The compensation perspective recognizes the constraints imposed by economic integration on the social policy options of governments, yet accords greater weight to the countervailing demands imposed by citizens seeking protection from the state.  It stresses the perception among top elected officials and bureaucrats that the social instability and political discontent engendered by internationalization could ultimately endanger the model of economic openness as well as their careers.  The core contention of the compensation thesis is that government officials use the latitude they have to strengthen social insurance mechanisms and cushion citizens from the vagaries of the international economy. 

            Social expenditures are a clear general measure of the extent to which governments contract or expand their commitments to citizens.[1]  Fluctuations in spending can provide clues about the constraints facing public officials, their latitude for responding to those constraints, and the relative weight they place on competing priorities.   The quantitative dimension inherent in studies of expenditures is conducive to clarity and comparability across countries.   Yet because welfare states may change in kind as well as in quantity  (similar amounts of money may fund very different types of programs and constituencies), case studies and small-N comparisons that examine the transformation of social programs in detail are hence necessary complements to large N-analysis.

             Latin America constitutes an interesting and relatively understudied region for the analytical questions at hand.  The majority of studies aimed at understanding globalization's effects on social protection focus on OECD countries (e.g. Cameron 1989, Garrett 1998; Garrett and Mitchell 1999; Katzenstein 1985; Pierson 1996; Rodrik 1998; Hicks and Swank 1992).  This literature grew in part out of a concern that social welfare states in industrialized democracies would undergo severe erosion as increased trade with low wage economies placed downward pressure on wages and benefits.  At the same time, capital liberalization allowed investors to look abroad for higher returns on their investments, causing some concerns over capital flight.  Some authors pay special attention to the developing world (e.g. Garrett and Nickerson 2001; Rodrik 1999), but only one major quantitative study (Kaufman and Segura forthcoming) focuses specifically on Latin America. 

            A number of factors that set Latin America apart from other regions—especially Western Europeimpinge upon the ability and/or inclination of Latin American governments to respond to globalization with robust welfare programs.  On the one hand, some of these factors encourage actions in accordance with the efficiency thesis.  Others make Latin America more likely to adopt compensatory schemes.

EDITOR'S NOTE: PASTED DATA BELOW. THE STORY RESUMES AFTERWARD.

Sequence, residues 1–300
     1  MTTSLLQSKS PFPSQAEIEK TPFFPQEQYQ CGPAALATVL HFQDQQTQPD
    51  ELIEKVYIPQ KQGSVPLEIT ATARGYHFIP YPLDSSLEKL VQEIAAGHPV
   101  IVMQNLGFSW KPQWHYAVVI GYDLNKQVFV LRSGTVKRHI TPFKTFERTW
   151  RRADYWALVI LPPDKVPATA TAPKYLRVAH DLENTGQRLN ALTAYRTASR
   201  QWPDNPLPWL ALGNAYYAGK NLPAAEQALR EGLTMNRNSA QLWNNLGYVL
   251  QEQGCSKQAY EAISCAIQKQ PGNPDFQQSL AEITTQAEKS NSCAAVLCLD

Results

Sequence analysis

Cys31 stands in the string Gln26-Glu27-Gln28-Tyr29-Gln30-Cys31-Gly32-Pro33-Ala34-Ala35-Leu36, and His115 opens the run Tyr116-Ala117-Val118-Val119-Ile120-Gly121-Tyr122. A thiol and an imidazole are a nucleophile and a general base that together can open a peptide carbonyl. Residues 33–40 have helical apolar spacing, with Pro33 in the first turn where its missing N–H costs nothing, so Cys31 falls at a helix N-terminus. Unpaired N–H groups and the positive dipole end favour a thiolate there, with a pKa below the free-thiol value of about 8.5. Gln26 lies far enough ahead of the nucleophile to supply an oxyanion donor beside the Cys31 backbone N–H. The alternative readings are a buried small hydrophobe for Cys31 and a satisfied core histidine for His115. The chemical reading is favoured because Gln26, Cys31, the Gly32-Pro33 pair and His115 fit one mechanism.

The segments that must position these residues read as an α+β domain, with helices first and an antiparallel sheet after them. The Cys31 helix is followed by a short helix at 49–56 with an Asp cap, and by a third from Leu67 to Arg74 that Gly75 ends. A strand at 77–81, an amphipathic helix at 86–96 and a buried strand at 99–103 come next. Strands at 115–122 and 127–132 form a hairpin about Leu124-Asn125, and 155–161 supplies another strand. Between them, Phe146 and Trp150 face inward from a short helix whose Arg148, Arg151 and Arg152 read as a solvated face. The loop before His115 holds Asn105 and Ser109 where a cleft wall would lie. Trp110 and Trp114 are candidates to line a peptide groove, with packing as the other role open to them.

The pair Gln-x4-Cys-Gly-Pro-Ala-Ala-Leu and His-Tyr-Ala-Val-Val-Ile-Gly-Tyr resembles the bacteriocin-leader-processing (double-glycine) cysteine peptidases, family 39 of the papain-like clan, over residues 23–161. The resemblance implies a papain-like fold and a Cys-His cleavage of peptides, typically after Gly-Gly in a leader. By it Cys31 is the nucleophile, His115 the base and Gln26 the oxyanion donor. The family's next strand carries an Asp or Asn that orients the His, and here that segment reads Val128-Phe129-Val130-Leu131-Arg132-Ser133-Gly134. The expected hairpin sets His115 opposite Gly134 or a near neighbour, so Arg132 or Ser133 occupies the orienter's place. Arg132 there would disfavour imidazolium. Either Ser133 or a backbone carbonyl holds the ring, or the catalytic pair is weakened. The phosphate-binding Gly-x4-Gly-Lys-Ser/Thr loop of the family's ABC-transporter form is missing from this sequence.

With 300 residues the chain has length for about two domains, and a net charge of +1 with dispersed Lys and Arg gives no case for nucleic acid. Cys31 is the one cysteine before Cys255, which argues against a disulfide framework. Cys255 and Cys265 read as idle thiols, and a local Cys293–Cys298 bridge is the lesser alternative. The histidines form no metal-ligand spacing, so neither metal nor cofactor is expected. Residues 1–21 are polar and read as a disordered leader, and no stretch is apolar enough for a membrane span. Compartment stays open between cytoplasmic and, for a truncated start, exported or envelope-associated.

The relative weakness of unions and paucity of Social Democratic parties, a historical support base for universal social protection policies in Western Europe, deprives Latin American citizens of two key organizational means to defend social services against budgetary cuts.  Thus, while Cameron (1978) finds that trade openness in Western Europe resulted in the provision of greater public resources for social protection, such an outcome may not hold in Latin America. 

            The rapid and dramatic process of stabilization and structural adjustment in the wake of the Latin American debt crisis—and the active accompanying role played by the International Monetary Fund—is without parallel in the developed world.  IMF prescriptions for attaining fiscal solvency depend on reducing government expenditure on social programs by introducing user fees in health and education, and by affecting a more efficient distribution of goods and services to the poor.[2]  Governments reluctant to initiate such actions still acknowledge the importance of expressing to the IMF their intent to adopt these economic reforms.  

            Finally, the comparative weakness of Latin American states exposes welfare programs to the risk of retrenchment.  The state in most Latin American countries, while never as strong as in most Western European countries, was weakened further by the economic crisis of the 1980s and 1990s.   Governments in the region are notorious for their inability to carry out some of the most essential tasks—tax collection—necessary to maintain generous welfare support (Huber 1999).  

            Other factors relevant to Latin America provide some reason to expect globalization might promote compensation.  Greater trade volatility heightens the insecurity of citizens unless governments take active measures to provide for social protection.  Most Latin American countries tend to have relatively specialized patterns of trade compared to their counterparts in the developed world.  With higher levels of volatility, the effects of trade exposure may be more severe, inducing a higher level of government spending in relation to total trade.  This hypothesized relationship leads us to examine the role played by new democratic regimes.

Noted earlier, most of the previous empirical work focuses on the OECD nations for which comparable and extensive data are available. Understandably, these studies take stable democratic institutions as given. In these models, democracy has only an indirect effect: it works as a channel through which the effects of other relevant variables (such as political parties and union strength) can be analyzed.  Although it is important to consider political factors other than regime type, issues relating to regime type and regime transition still deserve attention. At least two reasons justify this claim.

First, we need to know more about the conditions that make democracies work: the conditions that enable them to achieve economic growth, material security, freedom of arbitrary violence, and other widely desirable objectives (Przeworski et all, 1995).  Due to the endemic political instability that has characterized developing countries, much of the comparative work on democratization assumes these new regimes were inherently fragile. These works were mostly concerned in constructing etiologies of types of regime change or of emerging democratic regimes.  Virtually ignored in this literature is the impact of democracy over public policies.[3]